When you think "strength training equipment," free weights and resistance bands are probably two of the first things that come to mind. They're both pretty straightforward to use, available in virtually any gym and relatively inexpensive compared to barbells or machines.
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The thing is, bands and free weights don't work your body in the exact same way. So in the resistance bands vs. weights debate, which one wins?
Learning how both resistance bands and free weights work can help you figure out which one to pick up for your next workout — and how to incorporate both into a well-rounded strength routine.
4 Benefits of Resistance Bands
1. They’re Accessible
Resistance bands are inexpensive — you can get a whole set with varying levels of resistance for as low as $10. Bands are also portable and take up virtually no space. They can stow away in a bag, drawer or closet. They pack easily for travel and you can use them anywhere.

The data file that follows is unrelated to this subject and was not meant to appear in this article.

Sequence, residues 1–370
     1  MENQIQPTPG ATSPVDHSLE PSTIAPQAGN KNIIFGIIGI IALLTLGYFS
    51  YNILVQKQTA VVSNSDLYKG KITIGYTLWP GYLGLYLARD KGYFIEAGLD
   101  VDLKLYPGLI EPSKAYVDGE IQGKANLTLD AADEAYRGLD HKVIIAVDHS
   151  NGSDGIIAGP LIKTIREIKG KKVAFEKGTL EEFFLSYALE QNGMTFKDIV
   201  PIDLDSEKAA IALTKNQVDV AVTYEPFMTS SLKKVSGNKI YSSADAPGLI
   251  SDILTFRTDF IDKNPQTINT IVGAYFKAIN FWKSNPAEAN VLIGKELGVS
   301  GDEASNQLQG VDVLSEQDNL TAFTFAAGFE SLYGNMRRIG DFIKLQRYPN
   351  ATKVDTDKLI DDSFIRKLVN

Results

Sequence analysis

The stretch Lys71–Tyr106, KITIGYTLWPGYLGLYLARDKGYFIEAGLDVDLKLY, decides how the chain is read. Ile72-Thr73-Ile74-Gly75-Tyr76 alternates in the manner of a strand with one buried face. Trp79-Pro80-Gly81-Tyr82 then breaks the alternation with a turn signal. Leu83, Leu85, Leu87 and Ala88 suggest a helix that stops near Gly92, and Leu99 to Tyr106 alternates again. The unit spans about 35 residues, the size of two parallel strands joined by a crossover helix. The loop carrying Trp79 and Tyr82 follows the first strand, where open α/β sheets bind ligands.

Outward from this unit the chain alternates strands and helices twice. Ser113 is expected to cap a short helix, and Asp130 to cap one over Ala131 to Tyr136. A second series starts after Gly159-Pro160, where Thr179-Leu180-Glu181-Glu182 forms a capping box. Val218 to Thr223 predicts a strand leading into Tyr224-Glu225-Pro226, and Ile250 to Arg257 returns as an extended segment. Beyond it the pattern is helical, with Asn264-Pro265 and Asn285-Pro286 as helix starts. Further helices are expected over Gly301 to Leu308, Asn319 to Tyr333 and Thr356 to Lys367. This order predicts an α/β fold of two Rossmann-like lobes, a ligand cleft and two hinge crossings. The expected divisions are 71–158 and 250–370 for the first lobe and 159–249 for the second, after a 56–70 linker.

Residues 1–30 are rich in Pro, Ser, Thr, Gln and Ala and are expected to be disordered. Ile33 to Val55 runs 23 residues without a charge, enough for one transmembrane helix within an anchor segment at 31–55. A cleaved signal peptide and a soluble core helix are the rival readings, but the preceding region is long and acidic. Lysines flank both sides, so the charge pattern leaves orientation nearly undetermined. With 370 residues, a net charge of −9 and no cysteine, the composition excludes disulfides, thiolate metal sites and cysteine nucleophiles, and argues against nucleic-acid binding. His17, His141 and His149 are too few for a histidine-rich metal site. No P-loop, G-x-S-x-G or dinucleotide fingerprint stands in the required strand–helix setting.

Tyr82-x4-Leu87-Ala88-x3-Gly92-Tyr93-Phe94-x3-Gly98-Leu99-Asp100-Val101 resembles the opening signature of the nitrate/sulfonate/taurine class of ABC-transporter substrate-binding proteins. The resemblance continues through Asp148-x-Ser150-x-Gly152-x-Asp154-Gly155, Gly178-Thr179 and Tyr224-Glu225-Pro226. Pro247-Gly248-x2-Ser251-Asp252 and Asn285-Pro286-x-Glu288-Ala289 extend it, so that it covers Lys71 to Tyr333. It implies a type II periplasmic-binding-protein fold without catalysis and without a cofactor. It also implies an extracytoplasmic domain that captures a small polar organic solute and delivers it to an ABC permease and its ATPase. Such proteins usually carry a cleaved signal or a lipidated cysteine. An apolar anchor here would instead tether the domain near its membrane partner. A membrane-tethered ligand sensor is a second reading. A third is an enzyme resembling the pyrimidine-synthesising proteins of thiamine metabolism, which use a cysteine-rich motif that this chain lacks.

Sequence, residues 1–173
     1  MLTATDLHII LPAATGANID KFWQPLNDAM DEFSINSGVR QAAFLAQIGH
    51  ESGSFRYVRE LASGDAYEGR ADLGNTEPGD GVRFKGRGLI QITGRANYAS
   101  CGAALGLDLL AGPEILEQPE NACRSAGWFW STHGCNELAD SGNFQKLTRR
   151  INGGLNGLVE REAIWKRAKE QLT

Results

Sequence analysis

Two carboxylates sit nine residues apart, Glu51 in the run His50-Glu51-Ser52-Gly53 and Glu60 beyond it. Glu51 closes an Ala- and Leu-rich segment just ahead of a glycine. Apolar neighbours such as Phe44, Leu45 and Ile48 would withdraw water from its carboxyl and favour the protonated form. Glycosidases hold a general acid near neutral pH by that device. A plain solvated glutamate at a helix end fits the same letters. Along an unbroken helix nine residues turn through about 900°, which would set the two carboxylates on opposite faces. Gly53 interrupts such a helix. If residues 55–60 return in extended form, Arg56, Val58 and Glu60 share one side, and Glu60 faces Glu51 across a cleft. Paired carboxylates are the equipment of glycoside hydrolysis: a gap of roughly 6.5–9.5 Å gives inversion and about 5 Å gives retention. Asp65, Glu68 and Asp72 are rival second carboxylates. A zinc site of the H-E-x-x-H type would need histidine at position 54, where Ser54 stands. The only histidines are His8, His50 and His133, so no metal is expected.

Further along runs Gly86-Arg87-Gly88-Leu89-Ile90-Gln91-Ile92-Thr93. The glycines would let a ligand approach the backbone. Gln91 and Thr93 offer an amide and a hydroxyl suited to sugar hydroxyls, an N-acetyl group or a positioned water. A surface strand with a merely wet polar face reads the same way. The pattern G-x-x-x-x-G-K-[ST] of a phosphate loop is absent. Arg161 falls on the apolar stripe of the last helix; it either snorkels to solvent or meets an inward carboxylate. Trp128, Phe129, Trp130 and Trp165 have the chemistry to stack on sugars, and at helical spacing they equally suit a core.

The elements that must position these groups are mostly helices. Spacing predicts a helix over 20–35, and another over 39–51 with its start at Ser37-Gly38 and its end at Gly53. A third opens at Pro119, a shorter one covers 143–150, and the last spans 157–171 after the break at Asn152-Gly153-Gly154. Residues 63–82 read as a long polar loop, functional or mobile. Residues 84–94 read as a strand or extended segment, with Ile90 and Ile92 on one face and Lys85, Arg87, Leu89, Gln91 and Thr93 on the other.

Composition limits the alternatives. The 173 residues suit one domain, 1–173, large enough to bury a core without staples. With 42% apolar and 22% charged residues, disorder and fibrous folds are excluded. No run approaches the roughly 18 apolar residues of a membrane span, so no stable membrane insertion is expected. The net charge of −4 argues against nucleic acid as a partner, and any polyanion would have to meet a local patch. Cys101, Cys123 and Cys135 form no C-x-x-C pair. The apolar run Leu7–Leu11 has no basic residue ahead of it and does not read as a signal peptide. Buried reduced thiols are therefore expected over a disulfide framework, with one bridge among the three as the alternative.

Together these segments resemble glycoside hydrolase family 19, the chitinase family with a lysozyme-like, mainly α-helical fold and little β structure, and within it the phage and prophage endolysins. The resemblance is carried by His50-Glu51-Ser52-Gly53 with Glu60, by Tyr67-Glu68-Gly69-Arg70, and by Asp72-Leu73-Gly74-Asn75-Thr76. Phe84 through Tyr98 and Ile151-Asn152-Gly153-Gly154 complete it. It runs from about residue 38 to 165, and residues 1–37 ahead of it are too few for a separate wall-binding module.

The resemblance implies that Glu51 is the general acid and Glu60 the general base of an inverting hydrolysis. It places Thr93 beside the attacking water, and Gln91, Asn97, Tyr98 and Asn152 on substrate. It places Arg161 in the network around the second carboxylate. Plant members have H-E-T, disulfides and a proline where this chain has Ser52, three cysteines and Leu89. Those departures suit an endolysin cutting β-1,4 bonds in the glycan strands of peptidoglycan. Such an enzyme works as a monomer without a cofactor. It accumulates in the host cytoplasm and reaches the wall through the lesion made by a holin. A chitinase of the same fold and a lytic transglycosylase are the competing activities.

You can use bands for most movements that you usually perform with free weights, including squats, lateral raises, rows, triceps extensions and biceps curls.
They also come with a relatively low risk of injury. Overextending your joints is more difficult when using resistance bands as opposed to free weights because the elastic naturally limits your range of motion.
Plus, with bands, there's no real risk of dropping a heavy weight on your foot. (If your bands are old, they can snap, so make sure to replace them if they are wearing thin or fraying.)
2. They Can Help You Master New Moves
Take band-assisted pull-ups, for example. Secure one end to the pull-up bar, place your knees or feet in the sling of the other end and you're good to go. Bands take on some of the load, making it easier to get to the top of each rep.